I also reach the opposite conclusion from you regarding having people familiar with Xorg. Xorg devs are familiar with Xorg, they know what its flaws are, they know what is limitations are, and they know what developers today need. Mir developers, on the other hand, know next to nothing about display servers. They don't know what a display server really needs, and they don't know what problems people have run into the past when implementing them so they don't know what they should avoid doing (as their security bugs demonstrate).
Last edited by TheBlackCat; 06-11-2014 at 12:00 PM.
Is there some particular test automation software that you are concerned does not run under Ubuntu, but works under other Linux distributions?
You can accept that someone else has a different opinion, but that doesn't mean you should discuss with such someone.
And like it was already said, being done by former/current X developers is a strenght. You can already see how input is *insanely* more secure in Wayland than it is in X.
In the other side, Mir repeats one of Xorg biggest flaws : server-side allocated buffers. Even X with DRI2 and now DRI3/Present try to completely get rid of that actually.
GNOME 3.12 is almost fully usable on Wayland right now with full XWayland transparency for X apps. "KDE 5", E19, Hawaii and many others shells and apps like chromium, xbmc and SDL are already in working state or planning to support Wayland.and what is worse, wayland is still not used by most projects anyway
The same cannot be said about Mir, no one besides Canonical supports it and no native Mir app besides Unity 8 (which is still to be seen on a Desktop flavour) and ports from Wayland ports made by Canonical mostly (chrome and SDL for example).
All upstream opensource drivers support (X)Wayland out of the box, while Mir still requires downstream patches yet. NVIDIA is actually on the way to support XWayland on their proprietary driver (see Xorg mailing list) while Mark promises Mir support since the beggining yet not even a sign from upstream.
There's already at least 2 fully working commercially selling phones using Wayland (Jolla and Samsung Z), none using Ubuntu Touch yet (wasn't one of the reasons of Mir to hit the market before Wayland could be ready ?)
So no, I don't know on which planet you live, but Mir is far from being the most supported or used solution now, despite Ubuntu being the most popular distro. Heck, even Ubuntu flavours don't want it.
Nonsense. Both have APIs and protocols, except Mir's protocol is private and not meant to be stable.then Mir is xorg done right. I agree with Mark's notion of an API driven driver, rather than a collection of implemented protocols. In both cases implementations can vary but at least they can be externalized. One only has to look at the popularity of direct X and direct 3D APIs- if its design was anything like X or wayland, it is unlikely to have become popular. Apple's platform benefited from coco and openGL.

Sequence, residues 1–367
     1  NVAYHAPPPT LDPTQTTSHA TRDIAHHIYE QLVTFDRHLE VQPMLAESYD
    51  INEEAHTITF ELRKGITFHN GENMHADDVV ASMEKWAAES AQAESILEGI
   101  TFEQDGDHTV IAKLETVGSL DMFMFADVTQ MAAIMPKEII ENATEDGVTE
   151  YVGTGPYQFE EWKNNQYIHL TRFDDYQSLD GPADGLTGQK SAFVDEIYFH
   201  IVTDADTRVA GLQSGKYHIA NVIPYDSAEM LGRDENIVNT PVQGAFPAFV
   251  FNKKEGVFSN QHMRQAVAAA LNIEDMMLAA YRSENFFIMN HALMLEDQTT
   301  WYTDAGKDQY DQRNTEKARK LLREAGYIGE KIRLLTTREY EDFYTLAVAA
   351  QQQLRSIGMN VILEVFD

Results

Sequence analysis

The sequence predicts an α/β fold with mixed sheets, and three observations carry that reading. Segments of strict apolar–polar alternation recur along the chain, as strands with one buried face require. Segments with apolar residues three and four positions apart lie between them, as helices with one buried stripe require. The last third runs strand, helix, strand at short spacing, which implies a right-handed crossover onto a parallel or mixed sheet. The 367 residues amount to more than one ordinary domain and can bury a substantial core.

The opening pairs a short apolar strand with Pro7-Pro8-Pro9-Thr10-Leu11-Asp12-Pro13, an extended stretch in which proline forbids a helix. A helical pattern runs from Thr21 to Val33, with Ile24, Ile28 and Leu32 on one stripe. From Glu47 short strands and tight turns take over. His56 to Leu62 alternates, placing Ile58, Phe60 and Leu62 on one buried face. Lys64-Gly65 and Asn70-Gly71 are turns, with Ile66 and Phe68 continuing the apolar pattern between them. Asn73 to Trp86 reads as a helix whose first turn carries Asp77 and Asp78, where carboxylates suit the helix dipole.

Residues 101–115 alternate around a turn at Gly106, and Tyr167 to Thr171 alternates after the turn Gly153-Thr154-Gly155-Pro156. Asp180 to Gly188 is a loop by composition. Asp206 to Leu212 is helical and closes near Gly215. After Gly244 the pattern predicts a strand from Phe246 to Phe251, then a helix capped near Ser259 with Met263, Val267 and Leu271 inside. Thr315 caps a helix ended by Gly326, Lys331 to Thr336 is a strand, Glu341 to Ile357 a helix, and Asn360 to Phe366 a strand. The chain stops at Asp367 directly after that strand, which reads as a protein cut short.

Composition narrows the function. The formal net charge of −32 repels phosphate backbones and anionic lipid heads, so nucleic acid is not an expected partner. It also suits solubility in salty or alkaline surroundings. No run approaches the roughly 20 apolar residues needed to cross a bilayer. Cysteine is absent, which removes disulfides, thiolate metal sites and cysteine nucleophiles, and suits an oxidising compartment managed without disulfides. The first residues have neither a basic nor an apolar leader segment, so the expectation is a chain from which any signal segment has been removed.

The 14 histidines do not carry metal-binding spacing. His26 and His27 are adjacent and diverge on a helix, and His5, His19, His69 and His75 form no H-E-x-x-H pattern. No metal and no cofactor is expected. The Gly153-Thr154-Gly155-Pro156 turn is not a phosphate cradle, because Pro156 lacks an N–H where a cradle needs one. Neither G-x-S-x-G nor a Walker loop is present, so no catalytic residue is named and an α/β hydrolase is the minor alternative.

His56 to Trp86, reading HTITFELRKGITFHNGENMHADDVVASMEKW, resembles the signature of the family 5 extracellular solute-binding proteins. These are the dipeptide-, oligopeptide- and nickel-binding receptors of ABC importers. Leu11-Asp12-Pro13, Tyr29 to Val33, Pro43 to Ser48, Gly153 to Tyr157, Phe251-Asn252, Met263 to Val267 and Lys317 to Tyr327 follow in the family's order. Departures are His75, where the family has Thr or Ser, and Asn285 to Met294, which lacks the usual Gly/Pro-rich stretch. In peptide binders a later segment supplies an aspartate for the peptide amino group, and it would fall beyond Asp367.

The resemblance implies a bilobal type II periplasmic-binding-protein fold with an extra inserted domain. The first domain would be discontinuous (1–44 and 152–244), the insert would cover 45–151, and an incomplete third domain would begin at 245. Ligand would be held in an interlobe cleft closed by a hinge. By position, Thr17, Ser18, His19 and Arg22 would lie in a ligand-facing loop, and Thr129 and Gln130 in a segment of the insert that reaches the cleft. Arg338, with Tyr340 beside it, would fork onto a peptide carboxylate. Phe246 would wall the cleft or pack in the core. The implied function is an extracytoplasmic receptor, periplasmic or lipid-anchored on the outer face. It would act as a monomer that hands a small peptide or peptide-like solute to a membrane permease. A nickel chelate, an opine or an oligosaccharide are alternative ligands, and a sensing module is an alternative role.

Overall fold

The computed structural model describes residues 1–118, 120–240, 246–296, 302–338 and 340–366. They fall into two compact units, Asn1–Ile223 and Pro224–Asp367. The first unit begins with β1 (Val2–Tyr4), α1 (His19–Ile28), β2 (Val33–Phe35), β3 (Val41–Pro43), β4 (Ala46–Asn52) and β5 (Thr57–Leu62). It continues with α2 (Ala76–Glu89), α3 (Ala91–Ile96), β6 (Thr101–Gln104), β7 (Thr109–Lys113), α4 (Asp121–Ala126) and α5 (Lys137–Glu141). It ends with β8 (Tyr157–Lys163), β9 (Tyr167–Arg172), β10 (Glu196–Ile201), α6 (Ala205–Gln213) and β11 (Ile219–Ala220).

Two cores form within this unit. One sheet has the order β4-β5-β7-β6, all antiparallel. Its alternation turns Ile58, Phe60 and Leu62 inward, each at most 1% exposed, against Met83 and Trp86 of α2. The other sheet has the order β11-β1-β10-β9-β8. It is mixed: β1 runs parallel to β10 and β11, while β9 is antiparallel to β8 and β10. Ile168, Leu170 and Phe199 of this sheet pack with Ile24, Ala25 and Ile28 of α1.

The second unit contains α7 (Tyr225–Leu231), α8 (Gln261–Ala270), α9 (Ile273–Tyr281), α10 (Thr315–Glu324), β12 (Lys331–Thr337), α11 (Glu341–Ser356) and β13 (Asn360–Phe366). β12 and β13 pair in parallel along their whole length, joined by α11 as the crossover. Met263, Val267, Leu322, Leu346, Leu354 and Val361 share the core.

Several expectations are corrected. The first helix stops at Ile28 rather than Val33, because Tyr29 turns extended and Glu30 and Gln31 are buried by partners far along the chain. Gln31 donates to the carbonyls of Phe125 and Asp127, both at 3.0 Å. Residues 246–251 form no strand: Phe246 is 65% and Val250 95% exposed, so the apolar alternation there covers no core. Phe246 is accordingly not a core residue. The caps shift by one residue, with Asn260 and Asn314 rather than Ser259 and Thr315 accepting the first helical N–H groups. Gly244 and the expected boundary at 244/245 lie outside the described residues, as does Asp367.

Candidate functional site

Direct3D is a rendering API, and has absolutely nothing to do with display servers or compositors.
Except that the quadrillion of already available window manager don't require specific drivers, and toolkits/apps don't need to be modified to work with specific WMs because we only had X. This is not the case in the Mir case, which needs specific EGL extensions and toolkit support.We ALREADY have a fragmented "display server" platform, without Mir.
Again nonsense. Both Wayland and Mir just need an EGL driver. There's no DDX driver involved like in the Xorg case, so drivers shouldn't need to be modified for each new version.I think that with an API driven approach that Mir is taking, the driver support will be better, as has been with windows (direct 3D, draw, X etc). Besides, it is unlikely to be affected by kernel upgrades or as is the case now, with (xorg) library changes.
If Wayland was vaporware then the major DEs and toolkits wouldn't run flawlessly on it already, nor would it power phones and embedded systems, while Mir after so many unfulfilled promises and delays has only shown flipping fullscreen surfaces so far, which is the very least a display server can do.Wayland in the end will create more segmentation, since wayland is vaporware people using it have 2 choices, use Weston which can be said to be a tech preview or implement the whole Wayland protocol. You could see this happened on the Raspberry Pi, the collabora guys wrote the whole wayland implementation to leverage the hardware. And again you see most projects writing their own compositors and implementations, I would prefer an approach similar to that of the linux kernel, where every platform code is stored on the same repo so all you need is some configure flags to compile for a specific platform, but wayland in the other hand will be all over the place, pieces here and there.
And while this is true that Compositors might end with different rendering backends (KMS, fbdev, rpi...) and different implementations of them, there's nothing that prevents standardization or abstraction layers. It's already happenning with libinput and xdg_shell. But apps and toolkits should run regardless or the compositor, that's the point of the protocol.